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Investing in climate adaptation pays off – at a 15:1 ratio

Water collection and storage, including rainwater harvesting, is by far the most impactful measure companies can take.
Melodie Michel
Investing in climate adaptation pays off
Photo by Ny Menghor on Unsplash

Governments may still disagree on the need to integrate adaptation finance goals into the COP28 global stocktake, but for companies the business case is clear, with a 15:1 benefit-to-cost ratio, says a new report.

Investing in measures to protect businesses against increasingly frequent extreme weather events is becoming an imperative, but efforts in this area are still nascent, with only 11% of firms assessing their climate resilience in TCFD disclosures.

A study published this week by BCG, the Global Resilience Partnership and the United States Agency for International Development (USAID) suggests companies should see this more as an opportunity than a burden.

Measures to improve water, infrastructure and food resilience had a benefit-to-cost ratio (BCR) of 2:1 to 15:1 for companies that implemented them, according to data collected by the organisations from the CDP Climate Change Questionnaire.

Among individual initiatives, water collection and storage, including rainwater harvesting, is by far the most impactful, with a BCR of up to 53:1. “The high BCRs on this measure reflect the magnitude of value at risk that companies report from revenue loss due to water shortages,” note the authors.

Within other beneficial measures, the report lists water efficiency technologies like drip irrigation, elevating, reinforcing, and retrofitting infrastructure to prevent flooding damage, measures to absorb or divert flood water, and regenerative agriculture.

PepsiCo’s regenerative agriculture efforts already delivering results

According to the report, there are several entry points through which companies can invest in climate adaptation and resilience to secure future value. 

Many of those with vulnerable assets and supply chains, such as in the agribusiness sector, will want to protect those assets by financing and implementing adaptation measures in their own value chain. 

The report gives the example of PepsiCo, which is currently working with farmers to convert 7 million acres of its agricultural land footprint to regenerative practices, saying “these efforts are already paying off”. In Indian farms, the measures have helped improve yields by an average of 3% and cut greenhouse gas emissions by 20%, and in Thailand, they boosted yields by 18% and reduced water use in irrigation by up to 36%.

Expanding the resilience market and collaborating with the public sector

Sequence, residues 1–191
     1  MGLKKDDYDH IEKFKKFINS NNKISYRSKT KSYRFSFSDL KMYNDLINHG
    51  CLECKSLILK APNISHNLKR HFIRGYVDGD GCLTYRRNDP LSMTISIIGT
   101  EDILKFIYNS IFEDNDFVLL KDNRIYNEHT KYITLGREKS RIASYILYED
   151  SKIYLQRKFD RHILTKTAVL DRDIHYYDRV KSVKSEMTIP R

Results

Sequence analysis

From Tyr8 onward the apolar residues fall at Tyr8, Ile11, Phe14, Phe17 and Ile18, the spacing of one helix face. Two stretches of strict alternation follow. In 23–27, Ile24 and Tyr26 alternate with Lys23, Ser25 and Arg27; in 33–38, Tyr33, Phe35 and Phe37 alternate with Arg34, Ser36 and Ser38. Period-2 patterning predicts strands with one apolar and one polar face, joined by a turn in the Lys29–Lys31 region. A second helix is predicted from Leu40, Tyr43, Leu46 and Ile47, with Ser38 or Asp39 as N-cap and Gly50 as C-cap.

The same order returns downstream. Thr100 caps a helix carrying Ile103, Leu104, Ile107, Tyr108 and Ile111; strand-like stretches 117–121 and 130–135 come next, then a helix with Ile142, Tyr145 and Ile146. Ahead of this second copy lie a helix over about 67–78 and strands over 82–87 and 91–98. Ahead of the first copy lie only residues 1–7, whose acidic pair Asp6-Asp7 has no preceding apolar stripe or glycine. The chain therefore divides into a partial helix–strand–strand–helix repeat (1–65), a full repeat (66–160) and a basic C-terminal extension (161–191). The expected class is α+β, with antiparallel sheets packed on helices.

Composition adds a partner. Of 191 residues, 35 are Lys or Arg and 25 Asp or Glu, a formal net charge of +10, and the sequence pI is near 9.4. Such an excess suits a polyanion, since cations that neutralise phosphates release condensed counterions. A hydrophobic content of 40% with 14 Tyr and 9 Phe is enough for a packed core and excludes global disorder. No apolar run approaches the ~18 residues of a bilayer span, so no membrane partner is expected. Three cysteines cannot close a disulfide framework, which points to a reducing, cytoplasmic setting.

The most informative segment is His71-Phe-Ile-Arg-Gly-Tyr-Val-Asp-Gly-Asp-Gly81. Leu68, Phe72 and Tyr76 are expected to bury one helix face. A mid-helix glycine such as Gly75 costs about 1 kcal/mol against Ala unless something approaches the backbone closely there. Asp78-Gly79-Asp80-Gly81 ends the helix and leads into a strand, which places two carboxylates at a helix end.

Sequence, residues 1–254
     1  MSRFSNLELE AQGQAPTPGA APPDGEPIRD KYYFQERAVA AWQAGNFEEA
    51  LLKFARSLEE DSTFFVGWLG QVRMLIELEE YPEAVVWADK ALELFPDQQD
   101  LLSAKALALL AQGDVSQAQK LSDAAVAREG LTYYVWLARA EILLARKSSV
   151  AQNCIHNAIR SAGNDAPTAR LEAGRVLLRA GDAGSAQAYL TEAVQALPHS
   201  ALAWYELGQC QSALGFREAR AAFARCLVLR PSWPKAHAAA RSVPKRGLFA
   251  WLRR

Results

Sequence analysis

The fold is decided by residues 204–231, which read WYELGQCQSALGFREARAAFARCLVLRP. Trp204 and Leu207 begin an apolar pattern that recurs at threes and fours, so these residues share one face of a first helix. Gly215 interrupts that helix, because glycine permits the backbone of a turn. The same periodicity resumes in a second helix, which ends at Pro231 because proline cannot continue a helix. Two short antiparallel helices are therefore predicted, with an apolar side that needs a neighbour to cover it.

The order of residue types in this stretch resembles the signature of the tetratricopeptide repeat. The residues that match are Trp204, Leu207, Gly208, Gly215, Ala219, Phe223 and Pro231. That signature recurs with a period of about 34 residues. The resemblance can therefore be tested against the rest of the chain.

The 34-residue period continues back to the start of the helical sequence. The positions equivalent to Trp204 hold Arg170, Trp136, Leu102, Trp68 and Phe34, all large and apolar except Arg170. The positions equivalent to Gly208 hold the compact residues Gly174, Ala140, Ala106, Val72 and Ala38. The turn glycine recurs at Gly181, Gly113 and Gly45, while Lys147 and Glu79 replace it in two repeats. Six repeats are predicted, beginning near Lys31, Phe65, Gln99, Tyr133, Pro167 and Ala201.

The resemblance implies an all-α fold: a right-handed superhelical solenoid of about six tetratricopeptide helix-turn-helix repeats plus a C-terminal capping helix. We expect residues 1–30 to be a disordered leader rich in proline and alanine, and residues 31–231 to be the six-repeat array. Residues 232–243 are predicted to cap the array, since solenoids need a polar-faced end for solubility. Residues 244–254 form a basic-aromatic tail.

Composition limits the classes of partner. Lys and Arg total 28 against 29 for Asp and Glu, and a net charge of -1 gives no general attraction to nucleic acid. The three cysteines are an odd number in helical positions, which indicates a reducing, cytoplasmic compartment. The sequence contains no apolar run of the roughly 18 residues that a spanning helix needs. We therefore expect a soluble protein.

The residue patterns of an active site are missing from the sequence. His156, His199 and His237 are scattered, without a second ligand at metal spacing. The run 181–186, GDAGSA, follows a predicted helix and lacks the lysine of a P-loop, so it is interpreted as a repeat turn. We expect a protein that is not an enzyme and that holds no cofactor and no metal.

For companies in the financial sector, protecting assets will mean deploying capital toward resilient assets and companies to safeguard their portfolios – and investors managing US$9.trillion are already doing so.  

Investors and large buyers may also help to finance companies that develop adaptation and resilience solutions and products, helping to grow the market. Or, they can choose to collaborate with the public sector to finance and implement capital projects and deploy finance toward vehicles that support a portfolio of projects – something the report calls the ‘participate’ opportunity.

“There is no time to waste. The levers for building resilience are understood. The solutions underpinning adaptation are ready to scale. The business case is clear. Now, companies and investors must rise to the challenge—and the opportunity—to build an adapted and resilient world,” urge the authors.

COP28 and adaptation finance

At a global cooperation level, adaptation finance remains a thorny subject in COP28 negotiations, with emerging economies vulnerable to the worst impacts of climate change wanting OECD countries to make a commitment in Dubai to help them fund adaptation measures.

The OECD said it reached its goal to mobilise US$100 billion a year to help the most vulnerable countries adapt in 2022, but critics pointed out that they were two years late in delivering that commitment – and that the shortfall should be made up.

The latest draft of the global stocktake includes wording on adaptation, noting that “the estimated costs/needs of adaptation are now approximately 10-18 times as much as international public adaptation finance flows”, but doesn’t include any specific amount for the next round of commitments.

This topic is likely to be very prominent in conversations as COP28 starts its second week tomorrow. “We have been anticipating a result after two years of discussions and workshops on the global goal on adaptation – and if COP28 does not deliver on this account, it will be a significant global failure. Not only does the success of COP28 hang in the balance, so too the lives of the 3.6 billion climate-vulnerable people around the world,” said Mohamed Adow, Director of Power Shift Africa on behalf of the Allied for Climate Transformation by 2025 (ACT2025) Coalition.